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William Douglas, 2nd Earl of Angus, and Margaret Hay

HUSBAND:
William Douglas. 2nd Earl of Angus. [PC M3-17-5].
Born (circa 1398-S1)(24 February 1398-S2) at Tantallon Castle, East Lothian, Scotland; son of George Douglas, 1st Earl of Angus and Lady Mary Stewart.

He inherited the Earldom of Angus in 1402, following his father's death of the plague whilst in English captivity, following the Battle of Homildon Hill. (S2).

He married Margaret Hay on (3 December 1414-S1)(in 1425-S2).

He succeeded to the title of 2nd Earl of Angus [S., 1389] in 1402. In 1423 he was one of the negotiators for the release of King James I. He held the office of Ambassador to England in 1430. He held the office of Warden of the Middle Marches in 1433. He fought in the Battle of Piperdon on 10 September 1436, where he defeated the English. He has an extensive biographical entry in the Dictionary of Nationary Biography.

In 1420, Angus was nominated as one of twenty-one noblemen to be delivered as hostages to the English court as security for the ransom of King James I. James had been captured by the English in 1406, and was held by first Henry IV of England, and latterly by his son Henry V of England. During the king's captivity, Scotland was ruled by his uncle Robert Stewart, Duke of Albany, who had been in no hurry to pay his nephew's ransom. Following the death of Albany in 1420 the Scots finally paid the ransom monies owed. Whatever the machinations that followed, Angus was not included on the final list of hostages, but was one of the party of Scots nobles who met their King at Durham, in 1424. The King was escorted triumphantly back to Scotland, and Angus received a Knighthood from the King at his coronation at Scone Abbey on the 2 June of that year. (S2).

Royal Gaoler

In 1425, a purge took place of the Albany Stewarts and their adherents. The trial which followed at Stirling Castle, included Angus amongst a large faction of Douglas nobles within the jury. Facing execution were Murdoch Stewart, 2nd Duke of Albany, his two sons Alaisdair and Walter, and the Earl of Lennox. The widowed Duchess of Albany, was held a close prisoner at Tantallon under the supervision of Angus for eight years. (S2).

In 1429, King James went north to deal with the ever troublesome Lord of the Isles. Alexander of Islay, Earl of Ross. This in response to Alexander and his islemen's burning of Inverness. Angus was a captain in the Royal army and when Islay finally submitted to the King at Holyrood Abbey he was entrusted to the keeping of Angus at Tantallon for two years. (S2).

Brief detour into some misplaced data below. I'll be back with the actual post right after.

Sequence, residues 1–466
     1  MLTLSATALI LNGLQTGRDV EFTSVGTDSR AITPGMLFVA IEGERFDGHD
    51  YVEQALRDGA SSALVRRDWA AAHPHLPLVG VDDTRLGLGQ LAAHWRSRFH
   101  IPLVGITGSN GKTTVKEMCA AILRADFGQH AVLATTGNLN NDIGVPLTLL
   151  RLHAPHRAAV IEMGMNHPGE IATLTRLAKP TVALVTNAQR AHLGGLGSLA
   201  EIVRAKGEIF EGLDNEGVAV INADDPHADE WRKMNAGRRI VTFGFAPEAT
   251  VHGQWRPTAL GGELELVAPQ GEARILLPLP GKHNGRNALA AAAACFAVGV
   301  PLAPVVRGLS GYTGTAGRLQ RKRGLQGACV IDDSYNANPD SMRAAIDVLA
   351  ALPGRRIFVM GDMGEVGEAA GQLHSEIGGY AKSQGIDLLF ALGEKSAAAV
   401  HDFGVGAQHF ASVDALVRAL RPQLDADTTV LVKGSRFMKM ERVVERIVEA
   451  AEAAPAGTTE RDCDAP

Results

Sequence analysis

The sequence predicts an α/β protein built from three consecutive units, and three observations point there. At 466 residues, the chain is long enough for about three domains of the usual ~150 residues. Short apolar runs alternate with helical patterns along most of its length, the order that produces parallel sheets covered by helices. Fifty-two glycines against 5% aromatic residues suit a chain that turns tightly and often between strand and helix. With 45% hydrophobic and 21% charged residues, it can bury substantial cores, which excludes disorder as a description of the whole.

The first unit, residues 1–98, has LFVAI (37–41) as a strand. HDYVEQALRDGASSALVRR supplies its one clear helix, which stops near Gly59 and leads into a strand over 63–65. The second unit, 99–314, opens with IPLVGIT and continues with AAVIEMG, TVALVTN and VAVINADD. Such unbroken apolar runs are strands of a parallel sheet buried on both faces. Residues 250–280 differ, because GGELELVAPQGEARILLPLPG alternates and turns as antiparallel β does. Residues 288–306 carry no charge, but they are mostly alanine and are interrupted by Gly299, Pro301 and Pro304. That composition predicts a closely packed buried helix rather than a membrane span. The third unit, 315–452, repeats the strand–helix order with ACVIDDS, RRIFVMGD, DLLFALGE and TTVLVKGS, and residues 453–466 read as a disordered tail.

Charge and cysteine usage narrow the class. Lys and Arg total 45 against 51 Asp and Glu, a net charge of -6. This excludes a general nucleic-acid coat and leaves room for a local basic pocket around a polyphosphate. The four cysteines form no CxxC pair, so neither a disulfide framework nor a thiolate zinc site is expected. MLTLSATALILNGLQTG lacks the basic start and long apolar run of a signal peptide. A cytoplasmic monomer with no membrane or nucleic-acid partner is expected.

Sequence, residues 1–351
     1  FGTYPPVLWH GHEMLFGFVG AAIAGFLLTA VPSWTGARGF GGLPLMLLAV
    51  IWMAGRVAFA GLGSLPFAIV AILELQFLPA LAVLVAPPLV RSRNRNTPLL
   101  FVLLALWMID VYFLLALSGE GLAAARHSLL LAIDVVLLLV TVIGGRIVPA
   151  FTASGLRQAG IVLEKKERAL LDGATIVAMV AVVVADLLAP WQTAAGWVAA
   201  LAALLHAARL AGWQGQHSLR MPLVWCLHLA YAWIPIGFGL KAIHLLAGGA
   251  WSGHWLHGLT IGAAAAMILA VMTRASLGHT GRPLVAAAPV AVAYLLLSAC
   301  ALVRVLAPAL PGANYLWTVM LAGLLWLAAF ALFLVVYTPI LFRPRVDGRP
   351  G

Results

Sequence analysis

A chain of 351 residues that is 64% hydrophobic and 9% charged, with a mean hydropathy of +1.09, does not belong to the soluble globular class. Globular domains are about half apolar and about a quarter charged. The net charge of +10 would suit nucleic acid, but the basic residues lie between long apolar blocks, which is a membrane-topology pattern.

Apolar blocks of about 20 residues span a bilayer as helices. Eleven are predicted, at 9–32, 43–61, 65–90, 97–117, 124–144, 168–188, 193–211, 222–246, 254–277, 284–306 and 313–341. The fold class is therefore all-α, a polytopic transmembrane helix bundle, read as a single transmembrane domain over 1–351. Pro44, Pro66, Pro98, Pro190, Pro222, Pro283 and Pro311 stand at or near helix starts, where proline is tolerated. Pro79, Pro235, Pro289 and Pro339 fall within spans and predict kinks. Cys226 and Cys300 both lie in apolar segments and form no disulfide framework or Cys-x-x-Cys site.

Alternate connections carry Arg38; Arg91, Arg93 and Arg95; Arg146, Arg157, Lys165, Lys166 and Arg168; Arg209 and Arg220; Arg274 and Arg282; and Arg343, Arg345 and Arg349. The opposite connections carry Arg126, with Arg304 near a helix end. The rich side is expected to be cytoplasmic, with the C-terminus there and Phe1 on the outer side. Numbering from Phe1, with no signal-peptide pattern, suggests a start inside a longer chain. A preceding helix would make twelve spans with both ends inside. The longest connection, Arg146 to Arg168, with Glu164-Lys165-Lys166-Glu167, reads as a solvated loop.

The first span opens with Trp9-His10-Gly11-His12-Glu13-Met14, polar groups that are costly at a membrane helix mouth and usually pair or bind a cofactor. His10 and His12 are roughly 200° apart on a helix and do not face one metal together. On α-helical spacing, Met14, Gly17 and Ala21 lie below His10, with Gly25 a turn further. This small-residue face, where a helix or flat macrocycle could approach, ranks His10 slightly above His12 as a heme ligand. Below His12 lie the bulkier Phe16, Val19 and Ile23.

Warden of the Marches

In 1430 Angus was sent on embassy to England as one of the commissioners to negotiate an extension of the truce with the newly crowned Henry VI of England which was prolonged for five years. Later in that year he was appointed Warden of the Middle March. In 1435 Angus led a troop of men to invest Dunbar Castle. The castellan, George II, Earl of March, had previously been made a ward of the King, and the garrison surrendered the castle bloodlessly. (S2).

Dunbar castle was then held of the King by Angus and Sir Adam Hepburn of Hailes. (S2).

Dunbar fled to England calling for help in regaining Dunbar castle by force of arms. This help materialised in the spring of 1435 when Sir Robert Ogle, the Governor of Berwick upon Tweed, with Henry Percy and 4000 men marched north to retake the Castle. Angus, with Hepburn and Alexander Ramsay of Dalhousie, decided not to undergo a siege and engaged with the English forces at the Battle of Piperdean, near to Cockburnspath. This encounter resulted in defeat for the English but with little loss of life. Fifteen hundred prisoners were taken and ransomed. (S2).

William continued to consolidate his estates, often at the expense of his cousins the Black Douglases, taking positions and fortresses previously held by the Earls of Douglas, such as Lintalee and finally Hermitage Castle for a time. Following the assassination of his uncle, King James in February 1437, Angus was instrumental in the pursuit and capture of the conspirators. These included, Walter Stewart, Earl of Atholl, a great-uncle of William himself. (S2).